MCCARROLL v. MARBERRY et al
ENTRY discussing motion for summary judgment and directing further proceedings; denying 40 Motion to Dismiss; parties may conduct additional discovery on the issue of exhaustion of administrative remedies; Parties shall complete all such add itional discovery by 04/30/10 in addition Warden Marberry shall report; no later than that same date whether the BOP will honor an order from this court directing it to produce McCarroll at any hearing scheduled pursuant to Pavey. Signed by Judge William T. Lawrence on 3/24/2010. (VS)
UNITED STATES DISTRICT COURT SOUTHERN DISTRICT OF INDIANA
JORDAN McCARROLL, Plaintiff, v. MARBERRY, Warden, Defendant.
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Entry Discussing Motion for Summary Judgment and Directing Further Proceedings I. Warden Marberry seeks resolution of Jordan McCarroll's action pursuant to the theory recognized in Bivens v. Six Unknown Named Agents, 403 U.S. 388 (1971), through the entry of summary judgment. Warden Marberry's argument is that McCarroll failed to exhaust his available administrative remedies with respect to the claims in this case. The law applicable to the motion for summary judgment is this: The Prison Litigation Reform Act ("PLRA") requires that a prisoner exhaust his available administrative remedies before bringing a suit concerning prison conditions. 42 U.S.C. § 1997e(a); Porter v. Nussle, 534 U.S. 516, 524-25 (2002). Having considered the pleadings, Warden Marberry's motion for summary judgment, the evidentiary record, and the briefs pertaining to such motion, and being duly advised, the court finds that although the exhaustion requirement of the PLRA applies to McCarroll's claims, the following are material questions of fact which cannot properly be resolved in a motion for summary judgment:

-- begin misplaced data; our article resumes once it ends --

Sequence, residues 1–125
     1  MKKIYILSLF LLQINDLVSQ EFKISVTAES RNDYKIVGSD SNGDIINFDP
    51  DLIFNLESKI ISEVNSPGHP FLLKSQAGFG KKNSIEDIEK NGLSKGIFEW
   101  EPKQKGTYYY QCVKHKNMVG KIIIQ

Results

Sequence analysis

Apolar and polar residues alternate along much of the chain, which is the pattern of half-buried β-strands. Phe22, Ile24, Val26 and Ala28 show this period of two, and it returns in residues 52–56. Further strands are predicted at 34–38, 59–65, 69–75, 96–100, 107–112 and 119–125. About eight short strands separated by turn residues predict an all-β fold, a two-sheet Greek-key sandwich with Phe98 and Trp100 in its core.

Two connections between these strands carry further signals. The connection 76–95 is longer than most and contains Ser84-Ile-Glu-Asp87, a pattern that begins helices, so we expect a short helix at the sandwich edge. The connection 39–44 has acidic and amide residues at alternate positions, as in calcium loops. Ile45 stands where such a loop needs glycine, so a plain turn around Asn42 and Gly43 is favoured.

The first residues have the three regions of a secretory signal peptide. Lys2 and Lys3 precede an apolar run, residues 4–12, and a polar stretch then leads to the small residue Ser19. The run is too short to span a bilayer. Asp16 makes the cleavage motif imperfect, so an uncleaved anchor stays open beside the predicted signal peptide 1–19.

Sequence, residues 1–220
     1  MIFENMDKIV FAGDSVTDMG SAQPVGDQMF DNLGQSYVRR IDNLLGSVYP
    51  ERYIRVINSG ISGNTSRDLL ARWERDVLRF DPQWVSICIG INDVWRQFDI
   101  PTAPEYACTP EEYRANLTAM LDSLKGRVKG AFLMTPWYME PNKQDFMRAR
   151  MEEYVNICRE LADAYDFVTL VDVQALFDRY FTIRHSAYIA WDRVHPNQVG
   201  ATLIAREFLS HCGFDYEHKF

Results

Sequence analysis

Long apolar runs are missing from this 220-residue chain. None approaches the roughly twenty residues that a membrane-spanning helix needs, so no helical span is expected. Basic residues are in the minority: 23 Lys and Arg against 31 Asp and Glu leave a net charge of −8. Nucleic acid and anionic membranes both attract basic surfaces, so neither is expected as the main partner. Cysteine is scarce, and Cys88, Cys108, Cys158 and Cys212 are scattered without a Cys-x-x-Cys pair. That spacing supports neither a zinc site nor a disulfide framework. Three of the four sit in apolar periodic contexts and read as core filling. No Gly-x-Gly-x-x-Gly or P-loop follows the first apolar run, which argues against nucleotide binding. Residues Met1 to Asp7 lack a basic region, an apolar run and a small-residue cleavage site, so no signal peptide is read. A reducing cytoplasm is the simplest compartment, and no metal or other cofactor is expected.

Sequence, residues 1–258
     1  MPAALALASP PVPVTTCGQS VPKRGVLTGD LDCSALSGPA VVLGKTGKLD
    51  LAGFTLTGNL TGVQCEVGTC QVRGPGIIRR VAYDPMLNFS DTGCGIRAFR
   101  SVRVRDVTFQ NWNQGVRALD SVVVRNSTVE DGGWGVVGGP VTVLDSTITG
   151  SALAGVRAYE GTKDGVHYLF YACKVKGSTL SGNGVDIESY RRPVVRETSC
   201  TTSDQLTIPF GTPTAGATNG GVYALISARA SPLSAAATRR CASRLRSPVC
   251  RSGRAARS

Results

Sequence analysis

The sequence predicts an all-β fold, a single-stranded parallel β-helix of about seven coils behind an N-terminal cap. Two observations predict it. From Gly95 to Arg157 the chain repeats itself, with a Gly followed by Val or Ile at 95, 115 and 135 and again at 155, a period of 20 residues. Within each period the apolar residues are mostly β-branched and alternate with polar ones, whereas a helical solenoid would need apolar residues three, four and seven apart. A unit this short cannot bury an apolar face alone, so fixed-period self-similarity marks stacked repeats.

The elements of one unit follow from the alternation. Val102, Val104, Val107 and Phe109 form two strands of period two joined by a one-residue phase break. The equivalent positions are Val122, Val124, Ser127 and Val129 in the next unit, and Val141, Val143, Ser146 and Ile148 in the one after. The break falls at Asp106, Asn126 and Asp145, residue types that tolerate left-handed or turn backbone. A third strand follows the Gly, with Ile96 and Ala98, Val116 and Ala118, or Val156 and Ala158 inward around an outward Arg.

Whether McCarroll filed numerous informal resolution forms that went unanswered, and what grievances and information were presented in such forms. Whether administrative remedies were unavailable to McCarroll because of a restrictive institutional policy regarding administrative remedies and a lack of responsiveness on the part of his unit counselor.
The above questions emerge from the evidentiary materials which, construed in the manner most favorable to McCarroll as the non-movant, show that BOP's policy regarding inmate complaints requires an inmate wishing to exhaust his administrative remedies with regard to a particular complaint to initiate the process by addressing the complaint to the Warden